Tom Diffely - D.A. Davidson

Okay alright. And then if I look at 5% to 10% if I just – if that’s straight line the revenue in the fourth quarter and projected to the first quarter that gives me 12% year-over-year growth if I look at your comments about second half it sounds like there is bit of whole in the second quarter is that the right way to read this?

Art Zafiropoulo

All the way, the way to read it is consistent with our comments that we’ve said that because of the seasonality factors and kind of global macroeconomic scenarios that I commented on in my part of the talk. That the first half is going to be weaker than the second half. And we gave you guidance for the first quarter and then again as thing shape up we will give you a clear picture as we get it and going forward in our earnings calls.

Tom Diffely - D.A. Davidson

Okay, I guess the only question I guess from there is that it seems like some of the equipment guys are you seeing a much better second quarter than a first quarter right now. So, it’s kind of and since LSA is a big part of your business this year I’ve seen like you should have similar trends. But I guess we will get…

Art Zafiropoulo

Remember that one of the points that we’re making is that we’re differential from this other guys and we’re differential in a lot of ways. We have a lot of new products coming out they don’t. They are in memory we’re not at this point there as a result much more subject to what’s going on in the global environment, they may or may not be seeing the seasonality trends that we’re seeing. So, its kind of a mixed bag kind of it’s an Apples and Oranges deal to a certain extent.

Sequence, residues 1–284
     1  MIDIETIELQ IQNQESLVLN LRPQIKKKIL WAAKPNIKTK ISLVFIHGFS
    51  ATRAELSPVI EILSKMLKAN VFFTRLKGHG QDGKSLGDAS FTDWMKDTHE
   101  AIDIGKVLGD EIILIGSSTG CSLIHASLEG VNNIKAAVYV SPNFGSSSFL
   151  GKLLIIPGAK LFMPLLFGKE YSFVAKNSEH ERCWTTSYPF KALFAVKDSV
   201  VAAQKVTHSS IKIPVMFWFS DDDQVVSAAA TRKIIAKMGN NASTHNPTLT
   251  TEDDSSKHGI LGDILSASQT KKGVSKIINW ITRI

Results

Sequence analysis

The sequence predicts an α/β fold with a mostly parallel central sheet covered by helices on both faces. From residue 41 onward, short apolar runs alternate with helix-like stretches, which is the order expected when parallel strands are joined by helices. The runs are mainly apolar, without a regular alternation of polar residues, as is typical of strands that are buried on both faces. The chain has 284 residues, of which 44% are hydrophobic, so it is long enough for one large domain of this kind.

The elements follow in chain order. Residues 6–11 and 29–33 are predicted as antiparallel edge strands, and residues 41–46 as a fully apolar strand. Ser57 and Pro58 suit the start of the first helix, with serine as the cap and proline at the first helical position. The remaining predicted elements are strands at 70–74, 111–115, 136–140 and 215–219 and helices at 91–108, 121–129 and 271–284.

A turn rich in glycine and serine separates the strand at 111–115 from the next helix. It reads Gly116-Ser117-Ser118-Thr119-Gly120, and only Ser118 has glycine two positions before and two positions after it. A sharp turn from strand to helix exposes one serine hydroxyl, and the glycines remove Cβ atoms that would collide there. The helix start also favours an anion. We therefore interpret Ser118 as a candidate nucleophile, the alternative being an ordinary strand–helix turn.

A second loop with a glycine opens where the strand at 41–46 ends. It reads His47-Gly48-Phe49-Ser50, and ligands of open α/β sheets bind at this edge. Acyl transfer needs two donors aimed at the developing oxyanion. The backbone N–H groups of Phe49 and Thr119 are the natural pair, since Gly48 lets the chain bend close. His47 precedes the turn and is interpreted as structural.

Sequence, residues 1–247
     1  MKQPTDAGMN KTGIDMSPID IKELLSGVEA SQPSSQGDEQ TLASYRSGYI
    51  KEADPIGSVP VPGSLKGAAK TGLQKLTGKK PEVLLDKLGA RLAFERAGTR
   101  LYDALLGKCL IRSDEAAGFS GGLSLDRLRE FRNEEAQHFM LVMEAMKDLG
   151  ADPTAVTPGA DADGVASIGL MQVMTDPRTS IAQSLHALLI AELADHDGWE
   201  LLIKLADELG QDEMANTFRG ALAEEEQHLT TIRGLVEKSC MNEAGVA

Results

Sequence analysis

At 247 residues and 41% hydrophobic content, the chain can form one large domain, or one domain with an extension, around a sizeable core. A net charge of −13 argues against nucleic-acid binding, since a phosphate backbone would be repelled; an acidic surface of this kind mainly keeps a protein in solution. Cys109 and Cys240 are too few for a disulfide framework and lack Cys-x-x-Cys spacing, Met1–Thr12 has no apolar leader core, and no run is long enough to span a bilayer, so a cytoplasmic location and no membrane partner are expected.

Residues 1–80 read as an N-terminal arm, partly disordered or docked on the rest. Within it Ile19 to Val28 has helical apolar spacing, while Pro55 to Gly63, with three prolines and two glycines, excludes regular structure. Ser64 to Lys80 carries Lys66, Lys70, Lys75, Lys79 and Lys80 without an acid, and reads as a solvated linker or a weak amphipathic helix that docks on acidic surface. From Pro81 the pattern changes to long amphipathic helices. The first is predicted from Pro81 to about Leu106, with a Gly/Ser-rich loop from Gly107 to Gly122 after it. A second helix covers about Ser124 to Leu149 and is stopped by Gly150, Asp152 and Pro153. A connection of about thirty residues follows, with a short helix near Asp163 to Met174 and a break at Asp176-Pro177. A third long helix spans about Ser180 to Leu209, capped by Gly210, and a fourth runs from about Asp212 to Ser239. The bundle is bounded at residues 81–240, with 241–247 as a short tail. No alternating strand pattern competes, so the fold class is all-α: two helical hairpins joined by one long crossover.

Tom Diffely - D.A. Davidson

Okay. And then if you look at the margins I guess you said slight year-over-year is that just kind of a mix offsetting what you get from normal operating leverage?

Art Zafiropoulo

Its just in looking at what we think is going to be happening in not only the mix but in the fact that we’re aggressively ramping up a couple of areas in ALD and in Superfast all of those are factored in. And we’re early in the year and you know us, we’re conservative.

Tom Diffely - D.A. Davidson

Yeah.

Art Zafiropoulo

So that’s we’re going to lay at right out there so that if there is any movement, if the odds are going to be - its going to be moving up rather than down going forward.

Tom Diffely - D.A. Davidson

Okay fair enough. Thank you.

Operator

(Operator Instructions) And our next question comes from the line of Satya Kumar with Credit Suisse. Please go ahead.

Satya Kumar - Credit Suisse

Yeah hi thanks for taking my question. I imagine earlier you mentioned that you’re going to ship an LSA to major semiconductor customer is that a market share – is there any details can you provide on that?

Art Zafiropoulo

I don’t know it’s a market share win because there is no one out there that could do what we could do with that system. So, I’m not sure that that market was could be served by anybody but us.

Satya Kumar - Credit Suisse

I mean like was that customer for that application a new opportunity for you?

Art Zafiropoulo

I’d rather not say. I think every customers and every sale is a new opportunity.

Satya Kumar - Credit Suisse

Understood and then I just wanted to fresh out Cambridge Nanotech strategy for the next year or so to derive from the existing channels of universities or medical or other than non-semiconductor application get it back to where it was the couple of years ago it will make you accretive. The strategy is also developed to do something more than that and address directly the ALD applications for semiconductor manufacturing?

Art Zafiropoulo